[INTERVIEW] What does it mean to be an anti-racist human rights defender
Anti-racist organisations and activists increasingly face the challenge of navigating the risks involved in doing anti-racist work. How can we create a better understanding and address the security challenges of anti-racist engagement? We interviewed some activists to hear their views.
The political environment in many countries in Europe means human rights defenders have to deal with threats and risks to their safety and freedom. People and organisations speaking up and working to defend human rights in Europe are increasingly the target of harassment, stigmatisation, cyberbullying and smear campaigns.
A few weeks ago, we organised a training with some of our member organisations to start a discussion within ENAR’s network and explore how to build security and resilience. How can we create a better understanding of key concepts around individual/organisational security, and share tools to address the security challenges of anti-racist engagement?
We interviewed some of the participants to hear their views and insights.
Do you see yourself as a ‘human rights defender’? What does this mean to you?
Bel Parnell-Berry, European Race and Imagery Foundation (ERIF): The training revealed to me that calling myself a human rights defender is a complex idea. At first I was very sure that my work was about “human rights”, but when discussing with other ENAR members, I realised the term is not as straightforward as I thought. So now, I don’t know if I see myself as a human rights defender per se.
Hiba Latreche, Forum of European Muslim Youth and Student Organisations (FEMYSO): The term ‘human rights defender’ was unfamiliar to me before the training but now I would say that I do consider myself a human rights defender. I used to say ‘I’m a human rights activist’ but now I will definitely say ‘human rights defender’ – it’s a change of name but the content is the same.
As anti-racist activists, we should all start using this term and make it more popular within our movement. This also means using the human rights defenders framework for our work and accessing these resources. We also need to make sure knowledge of this framework is widespread and everyone has access to it.
Ekaterini-Hrysanthi Zacharof, Greek Council of Refugees: I do not see myself as a human rights defender even though other people probably see me as such and my organisation also sees me as a human rights defender. I believe all people have rights and we have an obligation to ensure these rights are respected. I feel that all the people who believe this are in a way human rights defenders.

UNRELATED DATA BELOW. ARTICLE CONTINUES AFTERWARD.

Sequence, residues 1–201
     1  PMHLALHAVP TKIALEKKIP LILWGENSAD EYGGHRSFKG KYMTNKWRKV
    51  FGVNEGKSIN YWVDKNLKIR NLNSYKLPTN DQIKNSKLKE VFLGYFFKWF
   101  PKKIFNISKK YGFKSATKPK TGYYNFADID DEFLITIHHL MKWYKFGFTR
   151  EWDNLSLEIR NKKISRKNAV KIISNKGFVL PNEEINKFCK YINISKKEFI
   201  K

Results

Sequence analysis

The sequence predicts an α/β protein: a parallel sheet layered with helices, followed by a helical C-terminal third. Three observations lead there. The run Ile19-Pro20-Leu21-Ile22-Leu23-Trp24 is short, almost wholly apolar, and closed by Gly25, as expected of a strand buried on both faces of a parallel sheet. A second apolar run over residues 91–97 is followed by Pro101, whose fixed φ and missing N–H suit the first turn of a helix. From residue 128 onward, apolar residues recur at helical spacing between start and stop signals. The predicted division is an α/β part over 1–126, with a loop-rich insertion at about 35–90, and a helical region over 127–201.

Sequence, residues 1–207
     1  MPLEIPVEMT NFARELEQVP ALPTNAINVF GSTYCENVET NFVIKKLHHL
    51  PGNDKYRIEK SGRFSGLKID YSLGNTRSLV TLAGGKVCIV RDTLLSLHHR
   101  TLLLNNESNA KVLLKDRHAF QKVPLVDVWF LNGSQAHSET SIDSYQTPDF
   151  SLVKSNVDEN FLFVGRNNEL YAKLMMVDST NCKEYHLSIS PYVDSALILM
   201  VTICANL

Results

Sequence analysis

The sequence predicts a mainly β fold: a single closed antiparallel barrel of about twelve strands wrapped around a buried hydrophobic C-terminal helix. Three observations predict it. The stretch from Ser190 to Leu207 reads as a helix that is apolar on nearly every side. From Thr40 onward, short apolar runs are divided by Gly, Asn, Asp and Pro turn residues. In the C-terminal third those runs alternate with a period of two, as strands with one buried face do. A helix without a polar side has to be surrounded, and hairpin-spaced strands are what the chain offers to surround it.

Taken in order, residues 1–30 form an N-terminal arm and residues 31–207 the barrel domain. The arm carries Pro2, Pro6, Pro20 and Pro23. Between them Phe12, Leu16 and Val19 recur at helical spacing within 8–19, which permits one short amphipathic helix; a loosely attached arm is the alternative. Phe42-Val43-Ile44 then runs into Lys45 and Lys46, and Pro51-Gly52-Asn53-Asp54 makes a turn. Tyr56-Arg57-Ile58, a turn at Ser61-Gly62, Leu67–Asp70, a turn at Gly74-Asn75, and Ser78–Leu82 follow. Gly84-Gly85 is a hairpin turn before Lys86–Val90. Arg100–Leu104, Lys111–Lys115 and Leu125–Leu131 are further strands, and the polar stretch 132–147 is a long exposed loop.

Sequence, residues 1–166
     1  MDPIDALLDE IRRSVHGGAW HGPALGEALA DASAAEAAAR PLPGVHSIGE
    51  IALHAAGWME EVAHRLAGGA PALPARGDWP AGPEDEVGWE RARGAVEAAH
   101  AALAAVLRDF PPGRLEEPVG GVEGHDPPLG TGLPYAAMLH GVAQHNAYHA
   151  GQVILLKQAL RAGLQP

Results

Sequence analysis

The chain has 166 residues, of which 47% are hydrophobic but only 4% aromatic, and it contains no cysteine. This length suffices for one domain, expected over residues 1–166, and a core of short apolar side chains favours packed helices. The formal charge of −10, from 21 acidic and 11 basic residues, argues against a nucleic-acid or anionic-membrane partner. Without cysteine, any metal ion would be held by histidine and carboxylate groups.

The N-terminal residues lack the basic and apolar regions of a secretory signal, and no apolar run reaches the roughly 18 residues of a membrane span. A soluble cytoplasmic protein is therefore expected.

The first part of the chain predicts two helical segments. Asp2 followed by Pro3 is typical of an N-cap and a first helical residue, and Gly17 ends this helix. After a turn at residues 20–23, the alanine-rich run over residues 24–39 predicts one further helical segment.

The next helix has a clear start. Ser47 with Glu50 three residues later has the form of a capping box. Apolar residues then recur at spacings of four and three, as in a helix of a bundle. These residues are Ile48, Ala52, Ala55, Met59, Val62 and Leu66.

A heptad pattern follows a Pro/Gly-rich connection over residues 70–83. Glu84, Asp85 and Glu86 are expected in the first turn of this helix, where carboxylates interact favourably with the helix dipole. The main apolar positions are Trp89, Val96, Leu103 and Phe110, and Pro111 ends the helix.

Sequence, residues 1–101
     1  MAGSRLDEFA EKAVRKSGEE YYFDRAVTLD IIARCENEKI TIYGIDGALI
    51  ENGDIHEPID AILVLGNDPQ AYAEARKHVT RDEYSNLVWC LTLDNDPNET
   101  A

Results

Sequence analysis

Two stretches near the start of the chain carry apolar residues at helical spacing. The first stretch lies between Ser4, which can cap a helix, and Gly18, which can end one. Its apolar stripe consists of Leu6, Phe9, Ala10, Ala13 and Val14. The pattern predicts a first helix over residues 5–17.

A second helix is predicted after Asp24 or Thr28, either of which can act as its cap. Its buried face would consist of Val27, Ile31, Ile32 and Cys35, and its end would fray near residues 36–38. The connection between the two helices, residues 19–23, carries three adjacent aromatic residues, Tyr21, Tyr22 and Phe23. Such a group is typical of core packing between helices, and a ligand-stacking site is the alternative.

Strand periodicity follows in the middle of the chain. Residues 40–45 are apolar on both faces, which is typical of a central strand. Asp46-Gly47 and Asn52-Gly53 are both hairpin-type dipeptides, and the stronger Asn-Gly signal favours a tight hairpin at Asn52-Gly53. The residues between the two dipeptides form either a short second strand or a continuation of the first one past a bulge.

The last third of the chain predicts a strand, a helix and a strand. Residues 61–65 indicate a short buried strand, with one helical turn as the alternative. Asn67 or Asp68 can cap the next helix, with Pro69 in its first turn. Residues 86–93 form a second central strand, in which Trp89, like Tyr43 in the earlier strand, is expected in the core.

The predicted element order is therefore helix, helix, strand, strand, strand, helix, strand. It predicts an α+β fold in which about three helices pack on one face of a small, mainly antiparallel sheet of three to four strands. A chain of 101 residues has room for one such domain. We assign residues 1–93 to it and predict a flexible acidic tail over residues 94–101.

As a lawyer I fight for the rights of refugees and asylum seekers and as a human being I have a responsibility to ensure rights are respected.
What do you see as the main security risks in your anti-racist work?
Hiba: I have faced some intimidation or internet trolling but I generally thought it was insignificant and did not necessarily acknowledge it as a risk or threat. I now realise it is not ‘insignificant’ or ‘normal’.
On the other hand, we need to acknowledge that all human rights defenders face risks but they do not all face the same risks. For example, some activists I know were arrested or underwent police raids when all they were doing was activism and speaking out publicly. Because they were visible as minorities, it was a form of racism against them and resulted in backlash in the media and by politicians. This is especially the case for women.
Ekaterini: As I work with asylum seekers and refugees and on criminal cases of racism, I sometimes face risks – mainly coming from racists. I take these risks as part of my decision to do this kind of work. But I obviously do not face the same risks as a black woman or black lesbian working as a human rights defender – they are much more exposed.
Bel: I see three main security risks in my work: 1) Social media related threats, harassment and trolling; 2) Physical attacks on the buildings where future ERIF events might take place and/or on the attendees of future events; and 3) Racial profiling of attendees of future ERIF events.